Dairy DevelopmentComprehensive support for dairy farmers and infrastructure development.
Matsya SampadaScaling up of Pradhan Mantri Matsya Sampada Yojana to enhance aquaculture productivity and generate employment opportunities.
Research and DevelopmentAllocation of Rs. 1 lakh crore– Allocation of Rs. 1 lakh crore to encourage private sector investment in research and innovation in sunrise domains.

Overall, the Interim Budget focuses on enhancing economic growth, promoting sustainable development, and fostering innovation across various sectors to drive India’s progress.


Syllabus: GS. 3: Defence Sector – Important Bodies in News

Why in News: The U.S. Congress was on February 1 formally notified of the possible sale of 31 MQ-9B high altitudes long endurance armed Unmanned Aerial Vehicles (UAV) to India estimated to cost $3.99 billion. The Defence Acquisition Council (DAC) had accorded the Acceptance of Necessity (AoN) for the procurement of 31 MQ-9B UAVs.


About the Defence Acquisition Council (DAC)

  • The Defence Acquisition Council (DAC) stands as a pivotal entity within India’s defense framework, wielding significant influence in procurement decisions.
  • Its inception traces back to the aftermath of the Kargil War in 1999, a conflict that unveiled critical shortcomings in India’s national security apparatus.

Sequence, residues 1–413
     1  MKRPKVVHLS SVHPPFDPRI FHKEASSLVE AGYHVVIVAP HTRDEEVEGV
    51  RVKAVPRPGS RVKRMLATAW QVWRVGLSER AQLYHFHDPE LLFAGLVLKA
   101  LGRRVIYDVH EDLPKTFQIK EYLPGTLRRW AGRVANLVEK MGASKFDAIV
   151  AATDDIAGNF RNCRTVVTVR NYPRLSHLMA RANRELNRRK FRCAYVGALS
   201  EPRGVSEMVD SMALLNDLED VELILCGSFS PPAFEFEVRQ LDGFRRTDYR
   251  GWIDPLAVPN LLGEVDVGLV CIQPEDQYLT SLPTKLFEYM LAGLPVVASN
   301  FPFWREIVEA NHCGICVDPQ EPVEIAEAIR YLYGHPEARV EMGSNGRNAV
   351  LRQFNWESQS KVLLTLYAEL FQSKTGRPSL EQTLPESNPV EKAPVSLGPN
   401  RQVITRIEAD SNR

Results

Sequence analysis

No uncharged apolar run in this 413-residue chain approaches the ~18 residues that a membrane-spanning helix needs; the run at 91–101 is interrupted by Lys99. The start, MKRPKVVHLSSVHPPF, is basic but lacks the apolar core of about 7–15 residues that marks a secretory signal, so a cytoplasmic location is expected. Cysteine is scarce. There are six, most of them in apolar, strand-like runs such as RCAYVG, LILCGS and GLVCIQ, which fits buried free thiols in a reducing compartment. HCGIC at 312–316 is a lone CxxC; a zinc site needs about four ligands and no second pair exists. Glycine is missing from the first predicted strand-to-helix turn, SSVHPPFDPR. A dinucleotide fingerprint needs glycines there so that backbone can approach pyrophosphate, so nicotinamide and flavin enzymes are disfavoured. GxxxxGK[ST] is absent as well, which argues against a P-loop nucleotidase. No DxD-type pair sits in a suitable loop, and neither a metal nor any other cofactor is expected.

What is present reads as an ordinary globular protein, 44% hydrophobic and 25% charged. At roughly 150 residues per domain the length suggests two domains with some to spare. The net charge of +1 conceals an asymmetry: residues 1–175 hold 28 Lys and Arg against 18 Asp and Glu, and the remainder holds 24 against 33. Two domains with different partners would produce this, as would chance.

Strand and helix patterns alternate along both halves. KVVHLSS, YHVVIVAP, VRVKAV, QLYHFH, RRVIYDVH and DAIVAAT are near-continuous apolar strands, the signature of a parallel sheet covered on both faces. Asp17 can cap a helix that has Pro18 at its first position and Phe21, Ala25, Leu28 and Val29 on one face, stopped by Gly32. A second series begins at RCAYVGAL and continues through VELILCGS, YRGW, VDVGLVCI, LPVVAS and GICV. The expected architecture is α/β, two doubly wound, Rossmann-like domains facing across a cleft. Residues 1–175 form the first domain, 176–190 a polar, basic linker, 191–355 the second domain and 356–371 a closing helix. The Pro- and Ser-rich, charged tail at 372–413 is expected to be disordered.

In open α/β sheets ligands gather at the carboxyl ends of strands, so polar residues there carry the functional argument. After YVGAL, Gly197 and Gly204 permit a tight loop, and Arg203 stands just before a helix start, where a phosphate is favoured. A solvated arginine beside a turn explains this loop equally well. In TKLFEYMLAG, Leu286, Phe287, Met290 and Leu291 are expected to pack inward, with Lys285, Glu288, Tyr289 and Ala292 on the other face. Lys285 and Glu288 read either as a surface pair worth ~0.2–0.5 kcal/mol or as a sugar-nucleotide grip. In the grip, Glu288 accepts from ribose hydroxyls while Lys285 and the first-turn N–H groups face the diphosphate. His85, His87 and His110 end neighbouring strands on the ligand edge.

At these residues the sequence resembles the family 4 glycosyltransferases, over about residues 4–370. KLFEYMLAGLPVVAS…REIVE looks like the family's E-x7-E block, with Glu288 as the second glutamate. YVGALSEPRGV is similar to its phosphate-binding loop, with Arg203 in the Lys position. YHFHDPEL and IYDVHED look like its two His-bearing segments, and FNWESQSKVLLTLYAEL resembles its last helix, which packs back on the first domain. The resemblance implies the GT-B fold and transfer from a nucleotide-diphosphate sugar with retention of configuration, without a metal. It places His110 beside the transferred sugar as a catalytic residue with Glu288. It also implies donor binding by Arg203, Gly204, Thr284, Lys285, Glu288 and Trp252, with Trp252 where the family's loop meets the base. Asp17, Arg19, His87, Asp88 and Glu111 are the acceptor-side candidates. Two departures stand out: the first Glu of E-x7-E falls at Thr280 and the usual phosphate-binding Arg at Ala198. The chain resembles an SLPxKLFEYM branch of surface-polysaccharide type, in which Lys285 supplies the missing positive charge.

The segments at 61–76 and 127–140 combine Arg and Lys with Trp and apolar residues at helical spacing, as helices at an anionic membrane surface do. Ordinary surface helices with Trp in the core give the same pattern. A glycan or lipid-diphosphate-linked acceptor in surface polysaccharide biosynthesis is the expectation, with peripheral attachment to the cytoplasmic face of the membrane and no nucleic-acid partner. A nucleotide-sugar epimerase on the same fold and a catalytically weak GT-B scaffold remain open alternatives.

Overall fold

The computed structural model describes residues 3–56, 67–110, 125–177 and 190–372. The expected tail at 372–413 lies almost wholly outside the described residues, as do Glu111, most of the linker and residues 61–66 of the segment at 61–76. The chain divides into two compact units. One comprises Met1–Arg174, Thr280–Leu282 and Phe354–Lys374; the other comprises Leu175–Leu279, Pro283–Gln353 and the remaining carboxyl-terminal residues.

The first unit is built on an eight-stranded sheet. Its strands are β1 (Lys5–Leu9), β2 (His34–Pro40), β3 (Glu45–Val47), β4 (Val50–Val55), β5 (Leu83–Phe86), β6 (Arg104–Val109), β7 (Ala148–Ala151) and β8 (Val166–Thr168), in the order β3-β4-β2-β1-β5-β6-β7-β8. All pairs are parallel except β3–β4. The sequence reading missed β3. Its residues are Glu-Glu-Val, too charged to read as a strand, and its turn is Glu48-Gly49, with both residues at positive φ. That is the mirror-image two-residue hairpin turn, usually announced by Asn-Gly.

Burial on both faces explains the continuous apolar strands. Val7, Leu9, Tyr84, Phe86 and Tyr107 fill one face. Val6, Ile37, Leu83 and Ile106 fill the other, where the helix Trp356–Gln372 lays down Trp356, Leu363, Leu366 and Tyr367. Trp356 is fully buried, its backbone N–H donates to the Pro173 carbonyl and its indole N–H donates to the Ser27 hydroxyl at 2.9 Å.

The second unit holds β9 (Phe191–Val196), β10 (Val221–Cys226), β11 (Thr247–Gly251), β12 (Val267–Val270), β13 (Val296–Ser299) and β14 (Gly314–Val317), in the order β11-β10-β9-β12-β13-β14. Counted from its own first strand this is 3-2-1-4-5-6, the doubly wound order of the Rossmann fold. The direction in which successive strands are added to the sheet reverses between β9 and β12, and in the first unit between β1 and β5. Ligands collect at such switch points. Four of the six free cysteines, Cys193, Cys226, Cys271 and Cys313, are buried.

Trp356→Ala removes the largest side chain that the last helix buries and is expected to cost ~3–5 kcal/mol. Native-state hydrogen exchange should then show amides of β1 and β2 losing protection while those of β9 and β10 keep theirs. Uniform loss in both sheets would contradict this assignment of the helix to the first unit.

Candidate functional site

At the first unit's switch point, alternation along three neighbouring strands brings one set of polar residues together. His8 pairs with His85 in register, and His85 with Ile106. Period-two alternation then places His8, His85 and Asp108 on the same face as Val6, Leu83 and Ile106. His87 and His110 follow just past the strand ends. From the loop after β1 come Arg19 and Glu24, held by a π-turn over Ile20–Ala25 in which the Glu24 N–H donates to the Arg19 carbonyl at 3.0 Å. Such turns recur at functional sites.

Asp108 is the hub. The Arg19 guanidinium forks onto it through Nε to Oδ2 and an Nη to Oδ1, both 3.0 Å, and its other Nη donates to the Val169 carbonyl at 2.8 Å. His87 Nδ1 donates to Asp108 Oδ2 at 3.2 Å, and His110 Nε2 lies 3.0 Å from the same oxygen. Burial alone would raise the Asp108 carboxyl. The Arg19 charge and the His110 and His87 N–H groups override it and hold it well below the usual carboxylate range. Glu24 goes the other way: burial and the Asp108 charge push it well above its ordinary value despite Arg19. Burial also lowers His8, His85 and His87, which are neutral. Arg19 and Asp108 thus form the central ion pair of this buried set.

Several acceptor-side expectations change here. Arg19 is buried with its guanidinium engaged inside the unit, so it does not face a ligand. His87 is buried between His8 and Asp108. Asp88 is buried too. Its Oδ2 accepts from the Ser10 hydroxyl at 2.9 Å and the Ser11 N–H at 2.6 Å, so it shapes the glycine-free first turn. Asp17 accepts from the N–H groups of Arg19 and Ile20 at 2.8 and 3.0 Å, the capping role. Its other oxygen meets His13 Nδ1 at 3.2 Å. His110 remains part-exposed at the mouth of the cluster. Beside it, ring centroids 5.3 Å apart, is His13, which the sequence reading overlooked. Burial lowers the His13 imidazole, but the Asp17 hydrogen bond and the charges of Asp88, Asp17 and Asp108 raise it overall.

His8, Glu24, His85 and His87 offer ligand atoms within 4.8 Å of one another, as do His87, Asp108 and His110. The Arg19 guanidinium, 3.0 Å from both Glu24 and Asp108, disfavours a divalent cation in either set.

• To address these deficiencies, the Group of Ministers, in 2001, meticulously outlined recommendations aimed at fortifying the nation’s security infrastructure.
  • Among these recommendations was the establishment of the DAC, conceived as the apex body entrusted with steering procurement initiatives within the Ministry of Defence.
  • Composition of the DAC:
    • The Defence Minister serves as the chairperson, providing political oversight.
    • Key members include the Chief of Defence Staff (CDS) and the chiefs of the Army, Navy, and Air Force.
    • This composition ensures comprehensive representation and synergy among different branches of the armed forces.
  • Procedure of Defence Procurement
    • DAC initiates the procurement process by according acceptance of necessity (AoN) to acquisition proposals and categorizes them into ‘Buy’, ‘Buy & Make’, and ‘Make’.
    • The DAC also handles single vendor clearances, decisions on offset provisions for acquisitions exceeding Rs 300 crore, and Transfer of Technology under the ‘Buy & Make’ category.
    • The Defence Procurement Policy (DPP) 2016, effective from April 1, 2016, aims to streamline procedures to boost indigenous defence production through initiatives like simplifying the ‘Make’ procedure and introducing the ‘Buy (Indian-IDDM)’ category.
    • DAC’s clearance is crucial in this process, with the AoN being the first step.
News Plus: What is Acceptance of Necessity (AoN):The approval, termed AoN, is the first step toward procurement of any military equipment and hardware under India’s defence acquisition norm. The tendering and contracting process is undertaken only after the grant of AoN.